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The Week June 18, 2010

[ 2010-06-18 17:12]     字号 [] [] []  
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Summer is here, but school is still in session until July for most Chinese kids. It’s hard not to yawn when you see schoolboys like this one who just can’t seem to stay awake in class. In fact, he’s become a big Internet hit this month and some have dubbed him the “pretend awake brother.” Doesn’t it remind you of some of your co-workers at boring office meetings? Let’s give him an A for an Amazing effort to stay awake in class.

The Karate Kid in China

Of course, it would be hard to fall asleep with Chinese superstar Jackie Chan as your teacher. Jackie Chan and American superstar Will Smith’s son, 12-year-old Jaden Smith, were in Beijing this week for the local premier of their new hit movie, “The Karate Kid”.

Check out the moves of these two, whose movie, which featured more than 560 Chinese crew members, was filmed in Beijing.

What Jackie Chan also brought to Beijing was a great new tourist attraction for his fans worldwide, the Jackie Chan theatre.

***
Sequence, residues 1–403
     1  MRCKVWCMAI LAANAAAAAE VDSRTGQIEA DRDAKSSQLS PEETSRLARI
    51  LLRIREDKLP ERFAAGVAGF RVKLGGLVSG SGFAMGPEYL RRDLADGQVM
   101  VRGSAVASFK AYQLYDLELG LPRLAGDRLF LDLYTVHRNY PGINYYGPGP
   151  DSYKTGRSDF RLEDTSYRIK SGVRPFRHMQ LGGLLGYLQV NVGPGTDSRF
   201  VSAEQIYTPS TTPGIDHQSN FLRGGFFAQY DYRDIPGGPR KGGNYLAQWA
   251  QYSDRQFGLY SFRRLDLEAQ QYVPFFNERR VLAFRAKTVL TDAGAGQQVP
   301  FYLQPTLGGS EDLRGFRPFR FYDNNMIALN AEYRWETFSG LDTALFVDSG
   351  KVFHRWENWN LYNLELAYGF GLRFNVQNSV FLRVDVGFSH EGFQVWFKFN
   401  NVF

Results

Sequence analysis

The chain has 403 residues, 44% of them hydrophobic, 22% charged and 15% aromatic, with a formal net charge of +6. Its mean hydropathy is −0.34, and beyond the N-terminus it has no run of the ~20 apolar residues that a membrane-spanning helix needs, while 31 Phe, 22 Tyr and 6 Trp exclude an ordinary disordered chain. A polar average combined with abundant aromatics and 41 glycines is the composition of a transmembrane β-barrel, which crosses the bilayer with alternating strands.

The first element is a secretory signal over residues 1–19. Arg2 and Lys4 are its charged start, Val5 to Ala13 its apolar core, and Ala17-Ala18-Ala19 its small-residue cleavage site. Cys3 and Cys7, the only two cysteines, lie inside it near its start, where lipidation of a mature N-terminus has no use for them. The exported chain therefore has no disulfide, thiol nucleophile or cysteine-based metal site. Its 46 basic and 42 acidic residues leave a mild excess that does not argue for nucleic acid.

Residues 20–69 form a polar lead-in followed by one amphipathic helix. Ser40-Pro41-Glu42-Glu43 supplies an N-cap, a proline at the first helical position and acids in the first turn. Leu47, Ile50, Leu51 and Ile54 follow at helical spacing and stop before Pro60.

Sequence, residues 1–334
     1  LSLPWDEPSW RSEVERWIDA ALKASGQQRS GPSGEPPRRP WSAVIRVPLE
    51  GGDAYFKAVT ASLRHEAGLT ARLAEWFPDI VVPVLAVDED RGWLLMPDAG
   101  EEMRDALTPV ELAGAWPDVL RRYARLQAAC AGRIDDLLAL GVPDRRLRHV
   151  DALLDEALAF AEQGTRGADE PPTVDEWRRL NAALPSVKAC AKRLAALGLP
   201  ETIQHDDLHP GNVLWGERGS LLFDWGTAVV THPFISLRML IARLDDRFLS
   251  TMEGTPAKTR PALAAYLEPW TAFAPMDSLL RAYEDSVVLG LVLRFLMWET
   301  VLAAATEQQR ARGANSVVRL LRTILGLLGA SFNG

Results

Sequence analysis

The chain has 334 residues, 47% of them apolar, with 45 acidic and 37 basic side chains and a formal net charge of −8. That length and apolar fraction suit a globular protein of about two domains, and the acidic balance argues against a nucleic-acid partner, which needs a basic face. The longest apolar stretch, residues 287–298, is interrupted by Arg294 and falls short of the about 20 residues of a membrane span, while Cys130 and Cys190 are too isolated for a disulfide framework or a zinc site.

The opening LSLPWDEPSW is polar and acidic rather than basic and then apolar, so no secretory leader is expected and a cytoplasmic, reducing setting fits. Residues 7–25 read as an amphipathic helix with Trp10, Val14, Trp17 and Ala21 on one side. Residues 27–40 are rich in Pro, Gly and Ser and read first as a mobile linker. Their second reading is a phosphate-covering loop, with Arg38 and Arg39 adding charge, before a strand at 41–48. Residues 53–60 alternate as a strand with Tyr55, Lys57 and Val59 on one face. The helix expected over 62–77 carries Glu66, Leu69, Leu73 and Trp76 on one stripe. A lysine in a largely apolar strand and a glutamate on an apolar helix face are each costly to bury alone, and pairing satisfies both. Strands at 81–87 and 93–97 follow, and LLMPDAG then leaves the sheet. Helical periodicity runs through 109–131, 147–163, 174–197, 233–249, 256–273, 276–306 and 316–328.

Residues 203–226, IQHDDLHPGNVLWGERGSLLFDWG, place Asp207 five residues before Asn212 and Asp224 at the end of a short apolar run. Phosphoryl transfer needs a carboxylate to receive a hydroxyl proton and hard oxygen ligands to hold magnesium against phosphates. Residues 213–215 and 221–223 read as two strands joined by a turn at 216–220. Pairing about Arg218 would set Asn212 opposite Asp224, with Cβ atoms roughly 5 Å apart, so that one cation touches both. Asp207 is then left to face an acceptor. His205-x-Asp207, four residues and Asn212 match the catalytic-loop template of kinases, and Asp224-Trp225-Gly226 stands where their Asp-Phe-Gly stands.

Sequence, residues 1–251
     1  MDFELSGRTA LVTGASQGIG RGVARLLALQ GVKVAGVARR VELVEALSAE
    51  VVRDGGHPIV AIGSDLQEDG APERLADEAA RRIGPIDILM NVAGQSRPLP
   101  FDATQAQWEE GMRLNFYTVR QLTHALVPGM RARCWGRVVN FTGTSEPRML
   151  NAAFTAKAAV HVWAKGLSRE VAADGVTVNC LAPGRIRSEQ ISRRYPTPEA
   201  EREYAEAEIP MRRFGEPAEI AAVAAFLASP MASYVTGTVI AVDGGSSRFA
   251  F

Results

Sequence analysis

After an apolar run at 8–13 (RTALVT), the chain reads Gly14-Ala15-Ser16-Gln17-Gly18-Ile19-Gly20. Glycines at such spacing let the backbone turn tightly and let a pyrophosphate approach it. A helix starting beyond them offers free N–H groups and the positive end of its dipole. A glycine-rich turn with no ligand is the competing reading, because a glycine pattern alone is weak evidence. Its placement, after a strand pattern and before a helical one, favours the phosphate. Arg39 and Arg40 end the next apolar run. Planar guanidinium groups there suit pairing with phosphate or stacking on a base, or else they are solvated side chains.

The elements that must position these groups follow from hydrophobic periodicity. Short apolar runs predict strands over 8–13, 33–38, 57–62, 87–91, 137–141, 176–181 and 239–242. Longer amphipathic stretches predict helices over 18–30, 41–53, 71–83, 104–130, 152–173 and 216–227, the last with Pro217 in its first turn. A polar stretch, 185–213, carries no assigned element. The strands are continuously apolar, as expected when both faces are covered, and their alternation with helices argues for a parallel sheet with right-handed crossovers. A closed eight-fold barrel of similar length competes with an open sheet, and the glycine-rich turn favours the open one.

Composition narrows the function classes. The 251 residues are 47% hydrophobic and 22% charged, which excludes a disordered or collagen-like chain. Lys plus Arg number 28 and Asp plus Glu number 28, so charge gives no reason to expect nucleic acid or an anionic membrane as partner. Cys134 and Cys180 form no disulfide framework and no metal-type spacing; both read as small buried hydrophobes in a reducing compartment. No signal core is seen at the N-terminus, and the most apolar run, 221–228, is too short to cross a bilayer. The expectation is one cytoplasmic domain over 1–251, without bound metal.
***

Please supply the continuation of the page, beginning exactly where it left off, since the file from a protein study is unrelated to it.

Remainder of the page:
All wet in China

Going to see a new movie in a theatre might just be a fun way to stay dry in this rainy month of June in China. Otherwise, don’t leave home without your umbrella. They’re no Karate Kids, but there are umbrella heroes around the world who rush to the aid of those who walk outside in the rain without one.

Are there umbrella heroes in Beijing, too? The Week investigates …

More World Cup craziness

They’re driving some fans crazy. But other fans in China and around the world love the noisy plastic trumpets called Vuvuzelas, the unofficial noisemaker of the 2010 South Africa World Cup. According to National Business Daily, 90 percent of the Vuvuzelas — or vuvu’s -- were made by plastic factories in South China. Earlier this week, South African officials rejected calls by some complainers to ban the noisy trumpets.

Certainly, you can hear them here in Beijing.

(中国日报网英语点津 Helen 编辑)

The Week June 18, 2010

About the broadcaster:

The Week June 18, 2010

Renee Haines is an editor and broadcaster at China Daily. Renee has more than 15 years of experience as a newspaper editor, radio station anchor and news director, news-wire service reporter and bureau chief, magazine writer, book editor and website consultant. She came to China from the United States.